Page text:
Web Results
Content Results
  • Peripheral edema

    serch.it?q=Peripheral-edema

    Peripheral edema is edema (accumulation of fluid causing swelling) in tissues perfused by the peripheral vascular system, usually in the lower limbs. In the most dependent parts of the body (those hanging distally), it may be called dependent edema. The condition is commonly associated with aging, but can be caused by many other conditions, including congestive heart failure, renal failure, liver cirrhosis, portal hypertention, trauma, alcoholism, altitude sickness, pregnancy, hypertension, sickle cell anemia, compromised lymphatic system, or merely long periods of time sitting or standing without moving. Some medicines (e.g. amlodipine, pregabalin) may also cause or worsen the condition.

  • Lipedema

    serch.it?q=Lipedema

    Lipedema is a disorder where there is enlargement of both legs due to deposits of fat under the skin. Typically it gets worse over time, pain may be present, and sufferers bruise easily. In severe cases the trunk and upper body may be involved. Lipedema is commonly misdiagnosed. The cause is unknown but is believed to involve genetics and hormonal factors. It often runs in families. Risk factors include being overweight or obese. Other conditions that may present similarly include obesity, lipohypertrophy, chronic venous insufficiency, and lymphedema. A number of treatments may be useful including physiotherapy and exercise. Physiotherapy may help to preserve mobility for a little longer than would otherwise be the case. Exercise, only as much as the patient is able to do without causing damage to the joints, may help with overall fitness but will not prevent progression of the disease. While surgery can remove fat tissue it can also damage lymphatic vessels. Treatment does not typically result in complete resolution. It is estimated to affect up to 11% of women. Onset is typically during puberty, pregnancy, or menopause.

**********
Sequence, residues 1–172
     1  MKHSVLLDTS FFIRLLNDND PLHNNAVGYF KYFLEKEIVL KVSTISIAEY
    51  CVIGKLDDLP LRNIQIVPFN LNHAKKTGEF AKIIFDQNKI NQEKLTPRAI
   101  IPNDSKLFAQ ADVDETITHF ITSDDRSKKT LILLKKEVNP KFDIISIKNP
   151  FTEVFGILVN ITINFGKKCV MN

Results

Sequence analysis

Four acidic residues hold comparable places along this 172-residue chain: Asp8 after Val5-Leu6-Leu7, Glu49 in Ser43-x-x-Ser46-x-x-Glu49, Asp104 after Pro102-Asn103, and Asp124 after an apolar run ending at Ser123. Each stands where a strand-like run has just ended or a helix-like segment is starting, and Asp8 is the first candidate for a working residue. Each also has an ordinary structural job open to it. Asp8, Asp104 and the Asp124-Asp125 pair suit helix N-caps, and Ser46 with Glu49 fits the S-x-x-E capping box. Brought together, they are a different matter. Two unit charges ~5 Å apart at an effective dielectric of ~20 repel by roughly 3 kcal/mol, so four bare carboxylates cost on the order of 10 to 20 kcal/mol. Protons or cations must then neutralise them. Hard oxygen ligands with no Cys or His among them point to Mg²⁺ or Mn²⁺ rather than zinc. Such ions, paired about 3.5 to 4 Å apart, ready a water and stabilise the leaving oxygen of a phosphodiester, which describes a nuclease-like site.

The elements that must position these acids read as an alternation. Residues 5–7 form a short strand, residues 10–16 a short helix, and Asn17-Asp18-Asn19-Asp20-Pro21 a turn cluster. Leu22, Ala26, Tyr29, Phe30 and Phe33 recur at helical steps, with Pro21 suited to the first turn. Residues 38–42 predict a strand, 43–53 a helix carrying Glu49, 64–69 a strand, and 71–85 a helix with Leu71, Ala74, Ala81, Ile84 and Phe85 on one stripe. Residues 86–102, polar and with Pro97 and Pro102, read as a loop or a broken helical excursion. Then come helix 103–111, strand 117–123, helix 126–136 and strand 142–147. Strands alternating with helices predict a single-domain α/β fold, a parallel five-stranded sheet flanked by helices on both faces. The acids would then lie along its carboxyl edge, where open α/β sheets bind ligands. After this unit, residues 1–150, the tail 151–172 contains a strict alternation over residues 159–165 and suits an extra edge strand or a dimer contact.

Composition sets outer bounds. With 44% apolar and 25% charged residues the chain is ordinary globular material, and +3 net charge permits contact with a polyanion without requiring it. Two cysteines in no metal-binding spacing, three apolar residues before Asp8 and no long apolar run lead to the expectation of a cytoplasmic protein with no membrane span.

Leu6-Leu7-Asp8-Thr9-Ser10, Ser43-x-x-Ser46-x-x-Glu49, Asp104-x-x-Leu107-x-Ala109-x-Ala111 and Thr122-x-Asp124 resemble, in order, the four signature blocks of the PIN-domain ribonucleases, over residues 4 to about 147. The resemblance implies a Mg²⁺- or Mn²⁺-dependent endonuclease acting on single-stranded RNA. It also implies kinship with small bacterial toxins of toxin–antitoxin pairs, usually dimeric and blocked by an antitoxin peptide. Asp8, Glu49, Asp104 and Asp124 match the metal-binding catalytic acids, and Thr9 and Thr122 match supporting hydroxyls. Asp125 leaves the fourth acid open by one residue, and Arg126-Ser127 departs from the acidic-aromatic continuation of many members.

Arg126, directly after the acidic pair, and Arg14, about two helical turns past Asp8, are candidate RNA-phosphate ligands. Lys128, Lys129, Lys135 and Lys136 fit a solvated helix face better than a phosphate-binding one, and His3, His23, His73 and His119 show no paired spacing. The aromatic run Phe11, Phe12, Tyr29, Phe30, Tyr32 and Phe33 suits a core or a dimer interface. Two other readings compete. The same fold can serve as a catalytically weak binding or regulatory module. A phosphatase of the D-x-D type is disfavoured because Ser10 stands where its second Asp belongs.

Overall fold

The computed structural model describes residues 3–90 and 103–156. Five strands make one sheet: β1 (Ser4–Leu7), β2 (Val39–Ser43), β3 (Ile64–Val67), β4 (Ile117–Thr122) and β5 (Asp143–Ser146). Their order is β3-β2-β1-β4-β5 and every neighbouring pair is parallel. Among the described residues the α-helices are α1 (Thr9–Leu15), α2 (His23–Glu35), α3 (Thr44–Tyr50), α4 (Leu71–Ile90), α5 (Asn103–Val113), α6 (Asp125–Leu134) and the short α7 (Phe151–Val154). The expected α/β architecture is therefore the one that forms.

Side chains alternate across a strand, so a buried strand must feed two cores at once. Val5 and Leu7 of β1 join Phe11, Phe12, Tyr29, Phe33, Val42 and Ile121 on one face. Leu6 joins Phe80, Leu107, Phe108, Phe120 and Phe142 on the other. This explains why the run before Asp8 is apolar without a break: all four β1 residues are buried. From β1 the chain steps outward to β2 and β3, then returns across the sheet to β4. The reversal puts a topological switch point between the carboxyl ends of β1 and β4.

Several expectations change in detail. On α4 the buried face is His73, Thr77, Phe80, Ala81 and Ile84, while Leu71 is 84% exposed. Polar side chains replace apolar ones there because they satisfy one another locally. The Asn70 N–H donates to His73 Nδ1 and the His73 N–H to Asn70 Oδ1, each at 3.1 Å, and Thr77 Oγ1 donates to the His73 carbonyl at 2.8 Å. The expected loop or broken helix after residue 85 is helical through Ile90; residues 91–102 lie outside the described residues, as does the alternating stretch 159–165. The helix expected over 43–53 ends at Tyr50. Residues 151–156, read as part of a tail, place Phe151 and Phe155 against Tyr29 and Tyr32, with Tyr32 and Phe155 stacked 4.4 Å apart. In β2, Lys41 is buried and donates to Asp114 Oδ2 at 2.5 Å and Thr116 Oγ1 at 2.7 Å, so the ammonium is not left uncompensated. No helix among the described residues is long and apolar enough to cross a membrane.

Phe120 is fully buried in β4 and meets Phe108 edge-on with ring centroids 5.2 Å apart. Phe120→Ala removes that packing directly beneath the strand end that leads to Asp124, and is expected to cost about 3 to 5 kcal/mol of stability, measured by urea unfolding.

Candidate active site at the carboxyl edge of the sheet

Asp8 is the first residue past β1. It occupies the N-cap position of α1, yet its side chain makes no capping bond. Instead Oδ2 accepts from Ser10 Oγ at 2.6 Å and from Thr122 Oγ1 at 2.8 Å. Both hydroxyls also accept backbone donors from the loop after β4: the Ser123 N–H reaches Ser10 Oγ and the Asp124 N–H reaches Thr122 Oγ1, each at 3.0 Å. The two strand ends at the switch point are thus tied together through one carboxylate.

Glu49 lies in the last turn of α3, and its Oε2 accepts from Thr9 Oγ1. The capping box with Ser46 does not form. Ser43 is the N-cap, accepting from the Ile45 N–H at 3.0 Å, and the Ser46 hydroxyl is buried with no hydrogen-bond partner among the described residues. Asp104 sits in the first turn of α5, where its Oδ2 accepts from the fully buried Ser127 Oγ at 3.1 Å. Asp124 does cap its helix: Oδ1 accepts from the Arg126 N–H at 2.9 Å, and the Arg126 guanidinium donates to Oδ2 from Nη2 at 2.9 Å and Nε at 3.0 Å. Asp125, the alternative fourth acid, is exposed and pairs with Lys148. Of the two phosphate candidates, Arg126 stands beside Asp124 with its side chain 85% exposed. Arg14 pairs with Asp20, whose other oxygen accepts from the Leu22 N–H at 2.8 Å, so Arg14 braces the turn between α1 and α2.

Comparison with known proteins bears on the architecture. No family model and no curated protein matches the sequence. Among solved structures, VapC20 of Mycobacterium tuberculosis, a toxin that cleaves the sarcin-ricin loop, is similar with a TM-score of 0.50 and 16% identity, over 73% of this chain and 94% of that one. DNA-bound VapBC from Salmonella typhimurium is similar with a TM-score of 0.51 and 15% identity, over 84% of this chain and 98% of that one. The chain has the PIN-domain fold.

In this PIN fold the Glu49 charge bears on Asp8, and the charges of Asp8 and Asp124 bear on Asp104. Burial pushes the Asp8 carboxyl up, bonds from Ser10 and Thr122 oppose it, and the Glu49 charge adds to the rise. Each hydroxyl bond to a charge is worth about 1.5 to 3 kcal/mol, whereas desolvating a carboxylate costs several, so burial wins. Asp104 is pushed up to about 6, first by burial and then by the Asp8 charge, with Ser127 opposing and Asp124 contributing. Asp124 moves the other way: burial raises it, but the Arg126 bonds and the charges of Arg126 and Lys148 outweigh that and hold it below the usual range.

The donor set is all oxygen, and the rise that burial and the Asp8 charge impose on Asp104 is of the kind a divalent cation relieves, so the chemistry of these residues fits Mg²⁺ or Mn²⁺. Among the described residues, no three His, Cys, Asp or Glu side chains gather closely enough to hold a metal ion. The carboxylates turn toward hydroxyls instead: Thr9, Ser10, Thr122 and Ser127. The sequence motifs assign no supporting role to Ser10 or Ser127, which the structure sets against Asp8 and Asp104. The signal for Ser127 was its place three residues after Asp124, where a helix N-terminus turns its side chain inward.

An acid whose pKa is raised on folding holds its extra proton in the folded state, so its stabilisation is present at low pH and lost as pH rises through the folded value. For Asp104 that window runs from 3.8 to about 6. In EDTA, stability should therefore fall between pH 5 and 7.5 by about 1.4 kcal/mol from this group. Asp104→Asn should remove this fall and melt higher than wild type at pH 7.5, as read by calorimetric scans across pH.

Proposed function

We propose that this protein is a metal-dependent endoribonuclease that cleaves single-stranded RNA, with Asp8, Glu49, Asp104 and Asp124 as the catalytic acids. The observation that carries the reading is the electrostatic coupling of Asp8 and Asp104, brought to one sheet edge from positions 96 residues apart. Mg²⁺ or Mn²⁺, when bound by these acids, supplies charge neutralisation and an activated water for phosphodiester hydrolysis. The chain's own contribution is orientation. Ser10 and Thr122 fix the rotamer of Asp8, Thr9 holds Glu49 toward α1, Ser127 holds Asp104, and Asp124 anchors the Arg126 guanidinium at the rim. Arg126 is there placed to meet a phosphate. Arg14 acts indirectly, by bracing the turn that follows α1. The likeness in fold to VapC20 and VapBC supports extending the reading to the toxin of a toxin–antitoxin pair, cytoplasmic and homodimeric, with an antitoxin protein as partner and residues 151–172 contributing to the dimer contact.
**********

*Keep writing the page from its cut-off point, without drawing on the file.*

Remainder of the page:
• Edema

    serch.it?q=Edema

    Edema, also spelled oedema or œdema, is an abnormal accumulation of fluid in the interstitium, located beneath the skin and in the cavities of the body, which can cause severe pain. Clinically, edema manifests as swelling. The amount of interstitial fluid is determined by the balance of fluid homeostasis and the increased secretion of fluid into the interstitium. The word is from Greek oídēma meaning "swelling". The condition is also known (mostly archaic) as dropsy.

Map Box 1